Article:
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TWO SYMMETRY PROBLEMS IN POTENTIAL THEORY Tewodros Amdeberhan DeVry College of Technology, North Brunswick NJ 08902, USA Abstract. We consider two particular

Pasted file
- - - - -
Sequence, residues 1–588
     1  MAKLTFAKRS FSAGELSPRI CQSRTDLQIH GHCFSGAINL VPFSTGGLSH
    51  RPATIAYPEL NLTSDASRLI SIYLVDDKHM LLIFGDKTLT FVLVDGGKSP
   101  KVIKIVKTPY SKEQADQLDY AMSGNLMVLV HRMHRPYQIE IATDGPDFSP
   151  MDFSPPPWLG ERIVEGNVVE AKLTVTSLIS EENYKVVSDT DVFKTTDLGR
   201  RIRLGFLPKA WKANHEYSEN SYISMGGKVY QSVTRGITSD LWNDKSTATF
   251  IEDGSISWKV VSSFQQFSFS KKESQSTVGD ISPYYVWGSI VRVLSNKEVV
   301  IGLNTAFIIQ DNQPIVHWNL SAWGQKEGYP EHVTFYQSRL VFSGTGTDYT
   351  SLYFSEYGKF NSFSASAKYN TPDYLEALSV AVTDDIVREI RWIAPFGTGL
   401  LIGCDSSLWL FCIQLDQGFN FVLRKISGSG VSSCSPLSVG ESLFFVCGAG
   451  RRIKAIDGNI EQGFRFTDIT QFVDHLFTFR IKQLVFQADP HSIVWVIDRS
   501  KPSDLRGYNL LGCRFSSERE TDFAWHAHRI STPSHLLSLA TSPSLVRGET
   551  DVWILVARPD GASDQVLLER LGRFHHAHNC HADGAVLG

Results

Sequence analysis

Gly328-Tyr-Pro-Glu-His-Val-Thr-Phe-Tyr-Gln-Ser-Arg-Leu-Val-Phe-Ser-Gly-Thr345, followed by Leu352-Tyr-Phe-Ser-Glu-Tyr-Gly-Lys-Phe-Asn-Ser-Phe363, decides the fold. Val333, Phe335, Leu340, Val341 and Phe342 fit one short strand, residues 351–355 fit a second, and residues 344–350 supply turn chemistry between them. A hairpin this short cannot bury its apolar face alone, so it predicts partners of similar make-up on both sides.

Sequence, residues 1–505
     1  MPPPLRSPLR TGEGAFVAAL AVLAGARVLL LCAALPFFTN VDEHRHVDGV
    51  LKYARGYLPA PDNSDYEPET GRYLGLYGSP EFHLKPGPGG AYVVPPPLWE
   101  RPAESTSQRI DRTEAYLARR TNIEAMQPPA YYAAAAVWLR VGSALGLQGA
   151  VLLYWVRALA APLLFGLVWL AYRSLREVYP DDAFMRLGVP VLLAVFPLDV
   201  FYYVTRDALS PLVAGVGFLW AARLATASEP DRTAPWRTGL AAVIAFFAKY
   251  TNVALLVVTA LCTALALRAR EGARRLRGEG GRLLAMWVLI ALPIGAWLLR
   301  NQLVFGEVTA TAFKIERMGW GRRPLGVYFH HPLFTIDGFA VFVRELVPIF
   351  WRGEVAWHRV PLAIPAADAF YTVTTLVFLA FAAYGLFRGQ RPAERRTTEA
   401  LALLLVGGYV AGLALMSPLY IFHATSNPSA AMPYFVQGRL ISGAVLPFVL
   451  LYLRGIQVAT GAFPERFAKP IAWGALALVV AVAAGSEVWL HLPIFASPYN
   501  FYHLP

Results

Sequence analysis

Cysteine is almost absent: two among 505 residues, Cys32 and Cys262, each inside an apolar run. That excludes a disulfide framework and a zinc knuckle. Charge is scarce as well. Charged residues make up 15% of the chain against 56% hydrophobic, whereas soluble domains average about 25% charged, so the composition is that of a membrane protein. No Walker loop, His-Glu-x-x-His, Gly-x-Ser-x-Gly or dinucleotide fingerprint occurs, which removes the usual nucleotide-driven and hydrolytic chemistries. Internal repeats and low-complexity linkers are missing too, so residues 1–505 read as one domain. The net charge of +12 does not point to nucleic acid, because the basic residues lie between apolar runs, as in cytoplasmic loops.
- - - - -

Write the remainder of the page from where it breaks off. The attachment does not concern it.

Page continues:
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TWO SYMMETRY PROBLEMS IN POTENTIAL THEORY Tewodros Amdeberhan DeVry College of Technology, North Brunswick NJ 08902, USA Abstract. We consider two particular overdetermined boundary value problems (OBVP) as variants on J. Serrin's 1971 classical results and prove in both cases that the domains must be Euclidean balls. AMS Subject Classification: Primary 35 Key Words: Overdetermined Problems, Maximum Principles Assume throughout that R N is a bounded domain whose boundary is smooth of class C 2 and containing the origin strictly in its interior. Let ν be the outer unit normal Summation over repeated indices is in effect. In 1971, James Serrin [1] proved the following classical result. Theorem 1: Suppose there exists a function u 2 C 2 ( μ ) satisfying the elliptic differential equation a(u; jpj) u + h(u; jpj)u i u j u ij f(u; jpj) in where a; f and h; p i ;p j are continuously differentiable functions of u and p (here p (u 1 ;:::;u n ) denotes the gradient vector of u:) Suppose also that u 0in and that u satisfies the boundary conditions u 0; constant Then must be a ball and u is radially symmetric. The method of proof combines the Maximum Principles and the device (which goes back to A. D. Alexandroff: every embedded surface inr N with constant mean curvature must be a sphere) of moving planes to a critical position and then showing that the solution is symmetric about the limiting plane. In a subsequent article, H. F. Weinberger [3] gave a simplified proof for the special case of the Poisson differential equation, u 1: Our aim at present is to introduce some variants on Serrin's result and arrive at the same symmetry conclusions by employing elementary arguments. The next statement involves radial dependence on the boundary conditions. Typeset by AMS-TEX 2 TEWODROS AMDEBERHAN Proposition 1: Suppose there exists a solution u 2 C 2 ( μ ) to the overdetermined problem: u 1 in (1) u 0 cr where r p x ::: + x2 N and c is a constant. Then is an N dimensional ball. Before turning to the details we like to discuss some physical motivations for the problem itself. Consider a viscous incompressible fluid moving in straight parallel streamlines through a straight pipe of given cross-sectional form. If we fix rectangular coordinates is space with the z axis directed along the pipe, it is well known that the flow velocity u is then a function of x; y alone satisfying the Poisson differential equation (for N 2) u A in, where A is a constant related to the viscosity of the fluid and to the rate of change of pressure per unit length along the pipe. Supplementary to the differential equation one has the adherence condition u 0 Finally, the tangential stress per unit area on the pipe wall is given by the quantity μ, where μ is the viscosity. Our proposition then states that the ratio of the tangential stress on the pipe wall to its radial distance is the same at all points of the wall if and only if the pipe has a circular cross section. Exactly the same differential equation and boundary condition arise in the linear theory of torsion of a solid straight bar of cross-section ; see [2] pp In light of this, Proposition 1 states that, when a solid straight bar is subject to torsion, the ratio of the magnitude of the resulting traction which occurs at the surface of the bar to the radial distance to the surface is independent of position if and only if the bar has a circular cross-section. Lemma 1: Under the hypothesis of Proposition 1, the following holds (2) udx c 2 r 2 dx: Proof: Let us introduce the auxiliary function h 2u x i u i. Then clearly h0. Green's identities (h u u h) h dff; TWO SYMMETRY PROBLEMS IN POTENTIAL THEORY 3 the boundary conditions on u, and the harmonicity of hlead to (3) hdx c Now we compute the left and right hand sides of (3) individually. Applying the divergence theorem, we get (4) hdx (2 + N)udx (2 + div(xu)dx ux νdff (2 + N)udx as u Since u vanishes on the (therefore ν ± ru ) and kruk r i x i,we gather r that (note: the argument here could have proceeded using the so-called Pohozaev's identity, but we drop it so as not to use any heavy gun ) (5) rhdff rx i u i dff c 2 c2 4 c2 4 c 2 (N +2) Combining (3), (4) and (5) proves the Lemma. Λ r dff r 4 ) dff (r 4 )dx r 2 dx: 4 TEWODROS AMDEBERHAN Proof of Proposition 1: Consider the functional Φ u i u i c 2 r 2. Then, Φ 2u ij u ij +2u i u i 2c 2 N 2u ij u ij 2c 2 N since u is a constant 2 X i;j u ij + ffi ij N N 2c2 N (6) 2 N 2c2 N: For a moment assume that cn» 1.. Then we have, (7) Φ 0in: Note that ν ± ru, since u vanishes on the boundary. Thus wehave kruk (8) Φ 2 c 2 r 2 0: Applying Green's identities and replacing the boundary conditions results in (9) u dff udx c 2 By Lemma 1 above, equation (9) yields ru ru c 2 r 2 dx u udx c 2 r 2 dx: Φ 0: r 2 dx Standard Maximum Principles together with the properties (7)-(9) of Φ imply that Φ 0 in. This in particular forces equality in (6), i.e. u ij + ffi ij N 0: TWO SYMMETRY PROBLEMS IN POTENTIAL THEORY 5 Consequently, u takes the radial form u a r2 2N : Again, since u vanishes on the we obtain that is indeed a ball, as asserted. Λ Remarks: 1. It is not hard to see that the C 2 -smoothness assumptions, on u, made in the preceding Proposition (even Proposition 2, below) could be relaxed except the proofs would then get rather technical. 2. The assumption in the proof of Proposition 1 is not essential. To see this, notice in fact that due to the conditions (1) on u coupled with the divergence theorem verify that Therefore, cn» 1. j dff c rdff rda cn j j from geometry. N 3. Using the same argument and replacing the second boundary condition by crff, where ff 1 (note: this already implies that ff 1» 1), d diam() and 0 c» 2 ff 1 d ff 1p ffn(n +2ff 2) we still get the conclusion of Proposition Even more generally, if f(r) where g(r) f2 (r) satisfies the conditions (rg 0 2g) dx 0; g 00 + N 1 g 0 2 r N» 0 then Proposition 1 holds. Moreover, it turns out that either f c 1 or f c 2 r for some positive constants c 1 and c 2. One of the implications of which is that under these general suppostions, there can only be two possible forms for the boundary derivative: either c 1 as in Theorem 1 of Serrin, or c 2 r as in Proposition 1 of this article! 6 TEWODROS AMDEBERHAN Proposition 2: Suppose there exists a solution u 2 C 2 ( μ ) to following OBVP: u r ff in (10) u 0 x i u i + c 0 r 2+ff + c 1 0 where ff, c 0 and c 1 are constants. If fi : (ff + 2)(c 0 (ff + N) 1) is not a negative integer, then is an N dimensional ball. Proof: Introduce the functional V x i u i + c 0 r ff+2 + c 1 + fiu. Then by direct computation we obtain that V is harmonic. As can easily be seen, the boundary conditions make V Thus, V 0 in and V 0 Classical Maximum Principles show that V 0 inside, too. Hence, it follows that (11) x i u i + c 0 r ff+2 + c 1 + fiu 0 in. Rewriting equation (11) one r fi (u u(0)) + c 0r fi + ff +2 ff+2 r fi 1 fi(u u(0)) + + c 0r 0 by (11) This in turn implies that Hence, r fi (u u(0)) + c 0r fi+ff+2 fi + ff +2 G( ) for angular variables. (12) u u(0) c 0 r ff+2 fi + ff +2 +r fi G( ) Now, if fi 0 then u cannot be regular at the origin unless G( ) 0: If fi 0 is not a negative integer, then once more we must have G( ) 0 for u must satisfy u r ff and r fi G( ) is not harmonic with this value of fi. Therefore, the solution u is radial and r ff+2 u u(0) c 0 fi + ff +2 : After using (10) and the vanishing of u this proves that is a ball thereby completing the proof of the proposition. Λ TWO SYMMETRY PROBLEMS IN POTENTIAL THEORY 7 References [1] J. Serrin, A symmetry problem in potential theory, Arch. Rat. Mech. Anal., 43 (1971), [2] I.S. Sokolinikoff, Mathematical theory of elasticty, New York: McGraw Hill (1956). [3] H.F. Weinberger, Remark on the preceding paper of Serrin, Arch. Rat. Mech. Anal., 43 (1971),